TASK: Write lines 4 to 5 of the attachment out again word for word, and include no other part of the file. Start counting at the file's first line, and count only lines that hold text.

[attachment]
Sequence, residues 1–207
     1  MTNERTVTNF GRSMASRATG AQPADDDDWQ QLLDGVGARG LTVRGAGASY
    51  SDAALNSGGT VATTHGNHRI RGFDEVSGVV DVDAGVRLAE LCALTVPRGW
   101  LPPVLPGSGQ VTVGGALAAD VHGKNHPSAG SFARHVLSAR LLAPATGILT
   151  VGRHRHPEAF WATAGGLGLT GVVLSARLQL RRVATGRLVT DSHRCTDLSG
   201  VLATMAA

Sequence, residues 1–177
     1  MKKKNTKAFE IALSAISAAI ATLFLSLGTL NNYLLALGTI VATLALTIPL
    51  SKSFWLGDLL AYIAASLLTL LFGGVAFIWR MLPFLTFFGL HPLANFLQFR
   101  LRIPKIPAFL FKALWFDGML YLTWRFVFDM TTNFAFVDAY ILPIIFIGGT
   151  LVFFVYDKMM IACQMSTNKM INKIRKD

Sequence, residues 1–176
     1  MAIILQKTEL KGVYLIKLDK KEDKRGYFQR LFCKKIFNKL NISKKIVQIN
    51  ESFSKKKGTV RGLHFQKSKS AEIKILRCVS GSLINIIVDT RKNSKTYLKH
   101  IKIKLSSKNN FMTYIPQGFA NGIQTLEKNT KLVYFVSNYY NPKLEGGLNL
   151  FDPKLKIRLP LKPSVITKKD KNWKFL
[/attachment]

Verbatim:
   101  LPPVLPGSGQ VTVGGALAAD VHGKNHPSAG SFARHVLSAR LLAPATGILT
   151  VGRHRHPEAF WATAGGLGLT GVVLSARLQL RRVATGRLVT DSHRCTDLSG